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6-242 Memorandum of Conversation, May 25, 1948

   
Date: May 25, 1948



MEMORANDUM OF CONVERSATION1
Secret
May 25, 1948
[New York, New York]

Ambassador Parodi said that while he did not express any opinion on the lifting of the United States arms embargo, he felt that it would be desirable if we do lift the embargo to get assurances from the Jews that they would not indulge in excesses such as bombing of cities in the Arab States.
The general line stated by the Secretary, not for repetition, was as follows:

1. The Secretary emphasized the continued great importance we attach to getting a cease-fire.

2. He thought that it might be possible to get a cease-fire in Jerusalem first and spread it out from there.

3. He was doing and would continue to do everything he could to have this case dealt with through the Security Council but action was necessary.

4. Making clear that he was not implying that we were likely to lift the arms embargo, he said that if we did, this act might have a strong psychological effect but it would be at least a month before it would have any material effect.

5. The Secretary wanted to correct what seemed to be a wide misunderstanding. The United States had maintained a strict arms embargo for some months past, while other nations had in fact been shipping arms into the area. The fact that other nations had been doing this while we had not made his task in developing the United States arms embargo policy an extremely difficult one. with a tremendous political pressure in this country to have us do so made our position extremely difficult and the maintenance of the embargo by us an impressive fact.2

6. There were three factors which stiffened the Jewish position before May 15 and may have caused failure of true efforts at that time, namely, (a) initial military successes of the Jews; (b) the bait held out by Creech-Jones concerning a possible compromise solution along the Abdullah line, and (c) the fact that a Colonel on Brigadier Glubb’s staff (Arab Legion) had visited the Jews and talked about a possible compromise.3

7. The Secretary said that the British seemed to be better aware of their position and seemed to be active in a constructive sense. He thereby had some hope that practical proposals might be forthcoming.

NA/RG 59 (Central Decimal File, 501.BB Palestine/5–2548)

1. Marshall departed Washington, DC, for New York City at 11:30 a.m. in order to deliver two speeches. He noted in a letter to a friend that “my arrival was delayed an hour and a half by poor flying weather which forced me into a landing at Mitchell Field [Long Island] and a long drive into the city. As I had a luncheon engagement with the French Ambassador to the United Nations [Alexandre Parodi] and the Secretary General of the United Nations [Trygvie Lie of Norway], I did not get free of that before the afternoon, and then I had two unbreakable business conferences, followed by considerable motoring in the city. That was followed by a dinner of 1800 given by the Economic Club, which I had to address, and from there I went on to Madison Square Garden to do my part there before some 20,000 people and did not get away until 11:30 [p.m.].” (Marshall to Mrs. Percy Waxman, June 3, 1948, GCMRL/G. C. Marshall Papers [Secretary of State, General].) Concerning Marshall’s arrangement of the Waldorf-Astoria Hotel luncheon to discuss Palestine, see Marshall to Lie, May 21, 1948, and the memorandum by Loy W. Henderson and its annotation in Foreign Relations, 1948, 5, pt. 2: 1018, 1044–45. The New York Times reported that Marshall’s informal remarks at the Economic Club of New York dinner were off the record. (New York Times, May 26, 1948, p. 13.)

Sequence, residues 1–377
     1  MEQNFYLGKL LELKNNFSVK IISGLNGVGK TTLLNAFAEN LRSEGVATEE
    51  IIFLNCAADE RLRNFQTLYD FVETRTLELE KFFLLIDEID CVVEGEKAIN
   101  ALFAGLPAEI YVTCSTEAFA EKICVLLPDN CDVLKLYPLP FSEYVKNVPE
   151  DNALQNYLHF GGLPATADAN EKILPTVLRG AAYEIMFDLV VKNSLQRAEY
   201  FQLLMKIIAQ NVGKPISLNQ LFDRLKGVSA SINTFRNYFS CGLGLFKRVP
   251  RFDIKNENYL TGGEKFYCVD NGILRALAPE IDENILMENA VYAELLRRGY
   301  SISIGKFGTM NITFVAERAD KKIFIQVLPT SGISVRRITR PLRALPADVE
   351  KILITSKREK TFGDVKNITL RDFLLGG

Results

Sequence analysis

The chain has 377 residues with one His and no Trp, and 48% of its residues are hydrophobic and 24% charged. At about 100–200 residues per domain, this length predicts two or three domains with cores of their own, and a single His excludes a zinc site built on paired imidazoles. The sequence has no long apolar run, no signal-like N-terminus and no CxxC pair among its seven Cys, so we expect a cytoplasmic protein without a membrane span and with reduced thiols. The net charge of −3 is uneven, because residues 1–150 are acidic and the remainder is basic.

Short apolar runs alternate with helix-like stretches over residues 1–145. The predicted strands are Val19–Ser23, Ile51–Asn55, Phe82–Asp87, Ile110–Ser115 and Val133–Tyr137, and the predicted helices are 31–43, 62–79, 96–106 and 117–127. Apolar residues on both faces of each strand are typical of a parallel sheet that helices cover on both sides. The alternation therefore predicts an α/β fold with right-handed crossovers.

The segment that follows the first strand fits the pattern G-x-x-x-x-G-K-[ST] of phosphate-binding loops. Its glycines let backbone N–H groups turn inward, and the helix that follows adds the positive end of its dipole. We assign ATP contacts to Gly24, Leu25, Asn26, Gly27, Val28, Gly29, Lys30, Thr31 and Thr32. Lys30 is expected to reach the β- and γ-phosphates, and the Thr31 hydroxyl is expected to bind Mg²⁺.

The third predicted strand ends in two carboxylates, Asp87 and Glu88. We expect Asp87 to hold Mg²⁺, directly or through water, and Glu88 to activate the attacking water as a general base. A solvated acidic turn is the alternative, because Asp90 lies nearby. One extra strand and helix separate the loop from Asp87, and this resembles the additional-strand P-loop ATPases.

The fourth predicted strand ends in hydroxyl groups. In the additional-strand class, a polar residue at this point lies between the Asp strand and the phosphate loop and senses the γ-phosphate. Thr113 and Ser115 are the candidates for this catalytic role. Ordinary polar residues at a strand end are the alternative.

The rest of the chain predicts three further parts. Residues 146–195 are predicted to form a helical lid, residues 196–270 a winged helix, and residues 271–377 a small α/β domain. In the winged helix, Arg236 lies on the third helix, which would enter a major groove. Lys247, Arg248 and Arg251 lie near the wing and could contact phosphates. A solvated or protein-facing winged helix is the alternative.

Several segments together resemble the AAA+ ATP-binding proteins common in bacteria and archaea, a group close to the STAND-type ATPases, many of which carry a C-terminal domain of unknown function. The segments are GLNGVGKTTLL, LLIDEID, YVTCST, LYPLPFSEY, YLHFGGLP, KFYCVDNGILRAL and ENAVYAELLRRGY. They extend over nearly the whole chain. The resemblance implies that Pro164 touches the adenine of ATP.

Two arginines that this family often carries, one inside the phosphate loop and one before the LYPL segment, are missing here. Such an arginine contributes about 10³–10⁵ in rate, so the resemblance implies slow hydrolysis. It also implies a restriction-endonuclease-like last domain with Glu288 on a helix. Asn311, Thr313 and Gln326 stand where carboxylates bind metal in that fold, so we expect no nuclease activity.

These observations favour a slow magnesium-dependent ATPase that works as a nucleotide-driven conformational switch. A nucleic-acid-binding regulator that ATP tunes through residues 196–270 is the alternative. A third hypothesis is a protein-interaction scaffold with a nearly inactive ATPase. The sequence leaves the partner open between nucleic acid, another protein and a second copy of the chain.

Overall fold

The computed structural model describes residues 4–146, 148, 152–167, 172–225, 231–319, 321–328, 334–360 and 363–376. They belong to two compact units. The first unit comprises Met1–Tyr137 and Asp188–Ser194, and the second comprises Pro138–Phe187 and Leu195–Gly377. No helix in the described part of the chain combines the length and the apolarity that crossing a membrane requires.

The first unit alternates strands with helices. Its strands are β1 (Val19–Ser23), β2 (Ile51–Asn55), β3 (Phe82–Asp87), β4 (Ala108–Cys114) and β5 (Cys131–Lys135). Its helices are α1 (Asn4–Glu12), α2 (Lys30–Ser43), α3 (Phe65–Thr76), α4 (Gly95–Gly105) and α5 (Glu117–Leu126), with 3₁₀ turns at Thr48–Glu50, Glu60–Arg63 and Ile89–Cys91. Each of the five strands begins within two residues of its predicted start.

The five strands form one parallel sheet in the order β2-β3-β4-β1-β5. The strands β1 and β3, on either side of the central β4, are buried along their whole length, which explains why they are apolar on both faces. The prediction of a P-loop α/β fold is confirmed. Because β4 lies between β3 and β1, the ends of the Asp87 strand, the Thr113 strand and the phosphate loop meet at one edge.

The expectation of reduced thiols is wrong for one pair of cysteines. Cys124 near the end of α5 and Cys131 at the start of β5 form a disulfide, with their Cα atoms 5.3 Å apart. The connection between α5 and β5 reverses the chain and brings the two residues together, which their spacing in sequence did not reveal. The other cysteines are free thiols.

The account printed here of the secretary’s meeting with Ambassador Parodi and the head of the United States delegation to the United Nations, Warren R. Austin, was written by John C. Ross, a member of Austin’s mission, and was read by Marshall.

2. Marshall lined-through the indicated text and handwrote the italicized words.

3. Since October 1946, Arthur Creech Jones had been Britain’s secretary of state for the colonies and a member of the Privy Council. His name was not hyphenated as Creech was his middle name.
John B. Glubb (“Glubb Pasha”) had commanded the Arab Legion since 1939. The legion had about forty British officers and received arms and a financial subsidy from Great Britain. It was the army of Transjordan and the best trained of the Arab states’ armies. At this time it was engaged in an attack on the Jewish Quarter of Jerusalem’s Old City—which it conquered on May 28. (New York Times, May 19, 1948, p. 1; May 29, 1948, p. 1.)